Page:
Understanding good irrigation management practice

Steps irrigators need to take to meet good farming practice requirements for irrigation

In June, Primary Sector organisations, including IrrigationNZ, signed up to a Good Farming Practice Action Plan for Water Quality. The plan aims to have all farmers and growers develop a Farm Environment Plan over the next few years.

Farm Environment plans cover the management of issues such as nutrients, erosion, fencing off waterways, riparian planting, and effluent and irrigation management. Farms need to identify the environmental risks on their properties and take action to manage and reduce these in their plan.


Whether you’re an irrigator or deliver services to farmers or growers, it’s important to understand the requirements in Farm Environment Plans around irrigation. I’ve summarised the four steps irrigators need to take to meet good farming practice requirements for irrigation and include these in their Farm Environment Plans.

Step one: Efficiency

Any new system development, upgrade, or redevelopment needs to meet Irrigation Design and Installation Codes of Practice and Standards. Using an Accredited Irrigation Design company is the best way to achieve this. A list of accredited companies can be found online at irrigationaccreditation.co.nz.

New systems or system upgrades need to be commissioned to demonstrate they are performing correctly. A guide to commissioning is available to IrrigationNZ members online at irrigation.co.nz. All irrigation systems should also have an annual Bucket Test to demonstrate they are working efficiently. Our free ‘Check-It Bucket Test App’ can be downloaded from Google Play or the App Store.

Regular maintenance is also needed to keep your system operating efficiently, particularly for older systems.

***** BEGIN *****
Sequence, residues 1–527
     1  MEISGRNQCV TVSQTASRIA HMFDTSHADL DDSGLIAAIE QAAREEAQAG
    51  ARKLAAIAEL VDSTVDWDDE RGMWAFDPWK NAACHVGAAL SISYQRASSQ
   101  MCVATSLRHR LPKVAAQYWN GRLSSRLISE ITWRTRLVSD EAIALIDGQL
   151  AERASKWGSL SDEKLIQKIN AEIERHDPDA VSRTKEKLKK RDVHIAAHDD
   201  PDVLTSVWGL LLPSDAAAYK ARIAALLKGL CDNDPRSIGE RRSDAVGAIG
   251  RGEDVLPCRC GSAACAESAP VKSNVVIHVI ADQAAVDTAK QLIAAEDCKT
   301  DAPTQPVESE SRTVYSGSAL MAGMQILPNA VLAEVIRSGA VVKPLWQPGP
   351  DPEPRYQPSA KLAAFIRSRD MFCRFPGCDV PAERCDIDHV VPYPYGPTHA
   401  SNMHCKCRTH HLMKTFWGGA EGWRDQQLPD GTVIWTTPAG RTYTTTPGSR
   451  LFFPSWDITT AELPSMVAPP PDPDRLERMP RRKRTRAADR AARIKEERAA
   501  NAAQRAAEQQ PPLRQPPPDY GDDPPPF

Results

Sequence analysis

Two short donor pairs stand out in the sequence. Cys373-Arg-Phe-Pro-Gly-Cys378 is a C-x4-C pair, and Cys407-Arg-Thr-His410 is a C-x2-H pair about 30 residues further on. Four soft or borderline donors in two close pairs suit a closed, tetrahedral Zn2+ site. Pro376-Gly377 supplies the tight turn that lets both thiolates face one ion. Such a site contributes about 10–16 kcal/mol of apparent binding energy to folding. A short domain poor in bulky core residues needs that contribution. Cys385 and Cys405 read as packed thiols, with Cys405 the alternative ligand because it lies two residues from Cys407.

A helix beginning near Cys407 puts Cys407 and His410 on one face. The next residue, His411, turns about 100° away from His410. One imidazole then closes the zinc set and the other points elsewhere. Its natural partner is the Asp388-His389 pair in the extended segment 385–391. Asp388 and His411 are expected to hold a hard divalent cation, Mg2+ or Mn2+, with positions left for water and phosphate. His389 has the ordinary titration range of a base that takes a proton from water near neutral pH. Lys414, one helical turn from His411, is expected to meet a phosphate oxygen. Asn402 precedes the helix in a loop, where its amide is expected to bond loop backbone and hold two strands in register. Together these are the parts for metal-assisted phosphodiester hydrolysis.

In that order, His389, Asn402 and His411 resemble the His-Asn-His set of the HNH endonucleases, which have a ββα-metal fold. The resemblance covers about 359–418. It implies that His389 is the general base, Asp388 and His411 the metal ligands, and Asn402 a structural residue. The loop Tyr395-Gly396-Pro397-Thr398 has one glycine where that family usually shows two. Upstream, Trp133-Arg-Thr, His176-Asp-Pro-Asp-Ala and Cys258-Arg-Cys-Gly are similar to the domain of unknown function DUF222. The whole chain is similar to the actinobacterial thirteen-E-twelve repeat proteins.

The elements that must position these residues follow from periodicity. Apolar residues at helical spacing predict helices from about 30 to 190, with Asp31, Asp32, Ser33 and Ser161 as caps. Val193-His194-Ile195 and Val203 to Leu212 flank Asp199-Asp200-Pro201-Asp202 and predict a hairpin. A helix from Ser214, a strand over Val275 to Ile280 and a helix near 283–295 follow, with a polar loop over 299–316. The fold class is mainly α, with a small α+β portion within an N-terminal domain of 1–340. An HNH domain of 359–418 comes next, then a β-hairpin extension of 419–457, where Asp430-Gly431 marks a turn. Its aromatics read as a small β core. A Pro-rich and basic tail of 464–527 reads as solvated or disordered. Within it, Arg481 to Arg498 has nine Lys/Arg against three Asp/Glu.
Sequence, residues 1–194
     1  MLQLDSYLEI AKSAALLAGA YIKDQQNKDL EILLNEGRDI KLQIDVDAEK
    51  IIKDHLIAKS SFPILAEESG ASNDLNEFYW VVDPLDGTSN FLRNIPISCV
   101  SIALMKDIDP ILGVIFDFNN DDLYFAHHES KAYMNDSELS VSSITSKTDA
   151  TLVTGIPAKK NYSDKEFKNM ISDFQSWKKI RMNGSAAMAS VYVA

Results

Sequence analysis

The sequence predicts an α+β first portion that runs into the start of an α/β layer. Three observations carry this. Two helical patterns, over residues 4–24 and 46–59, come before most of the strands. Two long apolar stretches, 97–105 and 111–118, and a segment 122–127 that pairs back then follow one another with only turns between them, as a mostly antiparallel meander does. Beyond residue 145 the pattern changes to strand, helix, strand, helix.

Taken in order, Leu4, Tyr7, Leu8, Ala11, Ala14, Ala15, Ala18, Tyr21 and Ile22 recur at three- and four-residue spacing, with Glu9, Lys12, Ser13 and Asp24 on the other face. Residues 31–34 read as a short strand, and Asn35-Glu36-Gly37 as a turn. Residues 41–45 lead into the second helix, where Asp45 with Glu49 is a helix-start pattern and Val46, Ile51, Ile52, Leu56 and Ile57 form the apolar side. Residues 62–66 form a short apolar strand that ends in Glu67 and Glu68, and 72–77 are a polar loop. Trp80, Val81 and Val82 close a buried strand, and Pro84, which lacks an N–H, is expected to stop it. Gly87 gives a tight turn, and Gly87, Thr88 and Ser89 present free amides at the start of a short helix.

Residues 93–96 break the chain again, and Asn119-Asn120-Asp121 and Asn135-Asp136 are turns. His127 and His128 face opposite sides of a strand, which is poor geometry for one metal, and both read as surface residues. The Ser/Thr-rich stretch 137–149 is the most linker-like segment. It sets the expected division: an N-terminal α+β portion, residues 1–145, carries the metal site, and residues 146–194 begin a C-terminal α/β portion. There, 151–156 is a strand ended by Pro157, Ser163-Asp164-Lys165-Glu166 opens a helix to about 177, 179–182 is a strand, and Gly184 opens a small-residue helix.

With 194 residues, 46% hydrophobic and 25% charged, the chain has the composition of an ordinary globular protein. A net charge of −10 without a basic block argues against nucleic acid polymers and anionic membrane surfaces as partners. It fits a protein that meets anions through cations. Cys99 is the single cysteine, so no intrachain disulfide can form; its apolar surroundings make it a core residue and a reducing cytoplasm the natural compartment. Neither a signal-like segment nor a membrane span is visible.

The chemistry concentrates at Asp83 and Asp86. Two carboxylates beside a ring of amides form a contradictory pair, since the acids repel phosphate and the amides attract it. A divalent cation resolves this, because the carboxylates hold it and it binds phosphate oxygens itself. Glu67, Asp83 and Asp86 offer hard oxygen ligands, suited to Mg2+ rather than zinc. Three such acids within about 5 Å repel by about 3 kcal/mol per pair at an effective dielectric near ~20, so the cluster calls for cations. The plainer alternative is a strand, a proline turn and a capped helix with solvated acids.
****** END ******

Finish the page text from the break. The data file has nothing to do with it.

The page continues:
Step two: Scheduling

Irrigation use must be compliant with consent conditions, and the amount of water applied should not exceed the soil’s ability to store water. Either soil moisture monitoring or soil-water budgets can be used to scheduling irrigation. IrrigationNZ has resources available on this topic.

Step three: Training

Staff operating irrigation systems must be adequately trained to do so. This is important to meet health and safety requirements and to make sure you are making the best use of water and minimising nutrient losses.

IrrigationNZ runs irrigation operator and manager training days to explain good irrigation practices and how to meet your Farm Environment Plan irrigation requirements. Our next events are scheduled for September. For more information on it, visit irrigationnz.co.nz/ events. We will also launch a new online training system this spring to make training more accessible.

Step four: Recording

Irrigators need to keep records showing where and when irrigation was used and how much water was applied.

This will be part of your Farm Environment Plan requirements and can also help you recognise if your system is not performing well or your staff are not operating it correctly.

Currently, Farm Environment Plans are required in Canterbury and Horizons and on some farms in Otago, Hawke’s Bay, and Waikato. With the plans to be developed nationwide in future, farmers and those working with them will need to get a better understanding of the plans and what kind of changes need to be made on the ground.

IrrigationNZ also offers training days for organisations who work with farmers who explain how irrigation is used in New Zealand, irrigation systems, Farm Environment Plan requirements, and issues facing irrigators. These sessions are happening on 29 and 30 August 2018. See irrigation.nz.co.nz/ event for details.

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